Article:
The Journey Described

This guide starts at the car park. Along the driveway can be seen some track let into the surface of the path. This is a siding that enables visiting locomotives to be downloaded from the car park. It is connected to the mainline via a temporary sliding piece of track.

Tickets may be purchased from the Booking Office, which is based on the designs of Colonel Stephens on the Rye and Camber Tramway. The Booking Office also doubles as a shop, with a full range of gifts and books, etc.

From under the canopy the platform of Amerton Station may be reached. The platform forms part of a passing loop where the locomotive can transfer from one end of the train to the other. Behind the platform shelter may be found the museum (the former platform shelter from Stowe-by-Chartley Station), the Locomotive Shed, and the Yard.

Access to the shed is limited, but there may be time for a member of the train crew to give a guided tour of the other locomotives and items under restoration there.

One job of the guard is to check tickets and to attach the safety chains, before signalling “Right Away” to the driver. On the assumption that the journey is clockwise round the circuit, the ex-LNWR Ground Frame that controls this part of the railway is passed at the end of the platform, and then the Yard may be seen on the left. This gives access to the locomotive shed, carriage shed, inspection pit, new workshop and sidings via a head-shunt that runs alongside the mainline at this point. Various items of equipment may usually be seen, including locomotives, wagons, rail or sleepers, and perhaps a JCB backhoe and dumptruck.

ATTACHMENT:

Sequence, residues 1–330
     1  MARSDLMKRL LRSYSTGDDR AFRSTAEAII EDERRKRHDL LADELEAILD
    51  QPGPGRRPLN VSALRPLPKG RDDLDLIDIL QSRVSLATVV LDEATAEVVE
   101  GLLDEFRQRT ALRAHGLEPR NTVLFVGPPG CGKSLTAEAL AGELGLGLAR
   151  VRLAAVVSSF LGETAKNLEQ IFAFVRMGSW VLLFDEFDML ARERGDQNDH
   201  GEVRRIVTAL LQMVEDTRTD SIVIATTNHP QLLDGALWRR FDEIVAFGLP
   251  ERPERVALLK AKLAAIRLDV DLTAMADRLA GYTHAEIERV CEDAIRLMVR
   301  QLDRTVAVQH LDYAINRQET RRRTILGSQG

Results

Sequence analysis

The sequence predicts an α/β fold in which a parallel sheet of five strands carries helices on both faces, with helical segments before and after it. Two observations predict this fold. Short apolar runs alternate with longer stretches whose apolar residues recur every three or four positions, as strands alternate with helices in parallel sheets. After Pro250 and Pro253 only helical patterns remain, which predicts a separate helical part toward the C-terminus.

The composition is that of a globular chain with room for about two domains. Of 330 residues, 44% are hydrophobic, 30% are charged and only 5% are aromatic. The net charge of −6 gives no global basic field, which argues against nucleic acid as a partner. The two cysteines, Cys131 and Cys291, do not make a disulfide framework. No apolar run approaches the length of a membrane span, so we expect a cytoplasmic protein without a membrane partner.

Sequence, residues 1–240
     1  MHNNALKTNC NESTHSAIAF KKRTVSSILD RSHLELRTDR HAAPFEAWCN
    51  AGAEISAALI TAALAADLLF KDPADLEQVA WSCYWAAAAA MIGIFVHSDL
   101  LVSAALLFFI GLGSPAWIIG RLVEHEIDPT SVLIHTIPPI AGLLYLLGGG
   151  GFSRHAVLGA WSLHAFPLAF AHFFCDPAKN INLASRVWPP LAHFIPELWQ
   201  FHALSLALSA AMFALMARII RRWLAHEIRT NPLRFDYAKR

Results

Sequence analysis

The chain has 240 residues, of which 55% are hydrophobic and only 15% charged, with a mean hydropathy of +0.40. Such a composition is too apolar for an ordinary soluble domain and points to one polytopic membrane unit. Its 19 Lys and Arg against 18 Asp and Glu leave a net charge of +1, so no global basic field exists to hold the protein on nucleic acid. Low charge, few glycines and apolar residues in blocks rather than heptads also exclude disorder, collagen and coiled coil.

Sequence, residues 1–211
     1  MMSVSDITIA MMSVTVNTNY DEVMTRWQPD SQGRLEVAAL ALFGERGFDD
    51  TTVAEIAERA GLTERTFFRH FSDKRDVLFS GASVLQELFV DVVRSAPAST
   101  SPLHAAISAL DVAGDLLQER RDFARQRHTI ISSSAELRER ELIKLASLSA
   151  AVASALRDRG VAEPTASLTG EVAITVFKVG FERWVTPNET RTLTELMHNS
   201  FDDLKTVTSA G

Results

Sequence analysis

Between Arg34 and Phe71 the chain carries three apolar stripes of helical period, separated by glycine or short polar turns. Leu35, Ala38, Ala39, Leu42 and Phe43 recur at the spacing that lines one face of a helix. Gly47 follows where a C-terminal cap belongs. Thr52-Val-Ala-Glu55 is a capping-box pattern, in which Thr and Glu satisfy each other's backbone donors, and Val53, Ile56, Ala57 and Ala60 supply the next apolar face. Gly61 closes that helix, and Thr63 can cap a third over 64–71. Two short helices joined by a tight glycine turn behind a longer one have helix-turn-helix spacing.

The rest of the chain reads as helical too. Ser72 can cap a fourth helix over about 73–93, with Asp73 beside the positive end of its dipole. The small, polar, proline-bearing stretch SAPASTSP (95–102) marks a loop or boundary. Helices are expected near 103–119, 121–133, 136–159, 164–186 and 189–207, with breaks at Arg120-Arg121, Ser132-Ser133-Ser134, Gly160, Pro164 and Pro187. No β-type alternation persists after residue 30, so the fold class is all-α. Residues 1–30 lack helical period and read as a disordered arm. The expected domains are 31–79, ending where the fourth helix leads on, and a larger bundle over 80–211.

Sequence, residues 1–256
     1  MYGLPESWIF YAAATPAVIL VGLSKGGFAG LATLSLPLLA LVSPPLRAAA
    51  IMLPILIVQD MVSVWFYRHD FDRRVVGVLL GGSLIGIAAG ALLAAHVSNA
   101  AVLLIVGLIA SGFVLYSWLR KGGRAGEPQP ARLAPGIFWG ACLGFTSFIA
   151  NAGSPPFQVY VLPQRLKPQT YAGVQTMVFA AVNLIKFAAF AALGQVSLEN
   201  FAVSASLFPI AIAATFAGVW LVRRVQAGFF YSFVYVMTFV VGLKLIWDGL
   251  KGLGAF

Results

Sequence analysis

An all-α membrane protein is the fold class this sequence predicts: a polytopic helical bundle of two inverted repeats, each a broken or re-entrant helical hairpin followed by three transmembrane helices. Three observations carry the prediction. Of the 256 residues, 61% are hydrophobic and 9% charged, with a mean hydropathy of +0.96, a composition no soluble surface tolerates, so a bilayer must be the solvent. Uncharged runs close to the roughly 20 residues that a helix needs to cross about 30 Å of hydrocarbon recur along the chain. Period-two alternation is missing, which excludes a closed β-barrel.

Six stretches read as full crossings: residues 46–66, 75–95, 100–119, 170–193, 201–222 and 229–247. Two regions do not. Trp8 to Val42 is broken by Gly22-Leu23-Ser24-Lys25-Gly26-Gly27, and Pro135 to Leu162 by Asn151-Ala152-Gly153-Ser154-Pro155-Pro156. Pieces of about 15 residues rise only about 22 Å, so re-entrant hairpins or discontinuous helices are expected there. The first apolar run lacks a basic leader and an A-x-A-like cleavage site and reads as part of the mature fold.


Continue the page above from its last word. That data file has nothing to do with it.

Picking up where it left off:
The line then straightens out and climbs at 1 in 100, passing two farm crossings and the footpath before continuing past the oak trees and onto a tight left-hand bend where the grade increases to 1 in 75.

Immediately after this there is a gentle right-hand curve passing the third crossing and reaching the summit of the line.

From here the line falls slightly before passing the site of the temporary top terminus of Phase 1, which was the limit of the line from 1992 to 1999.

The former top terminus has been converted into wagon storage and is now known as Stump Siding.

Continuing, the line takes up its position hugging the fence line and drops gently on a right-hand curve before straightening, and then crossing a culvert alongside a small area of wetland. The line then climbs steeply through a set of reverse curves, and enters the left-hand road of the Chartley Road Loop. This was the limit of the Phase 2 line, and trains turned round here from 1999 to 2001. It is now Chartley Road Station, with a passing loop used during token working. It is also used as the location of Santa’s Grotto during the weekends of December.

At the end of the passing loop the line follows the right bank of the Amerton Brook for a long straight.

Then the line curves right, passing an occupation crossing and footpath alongside the wetland, before emerging from the trees and taking a sharp left-hand bend to cross the Amerton Brook by Bridge No. 2, substantially built in steel.

Continuing along the left bank of the brook, another farm crossing is passed before the line climbs up in the next field and then drops steeply at 1 in 35 on another tight bend to cross the brook for the second time by Bridge No. 1 (identical in construction to Bridge No. 2). The circuit is completed by the line entering Amerton Station near the Booking Office.

The circular route of the line enables travel in either direction, with token control if two or more locomotives are in steam, and demonstration goods trains have been run at the same time as passenger trains on Gala Weekends.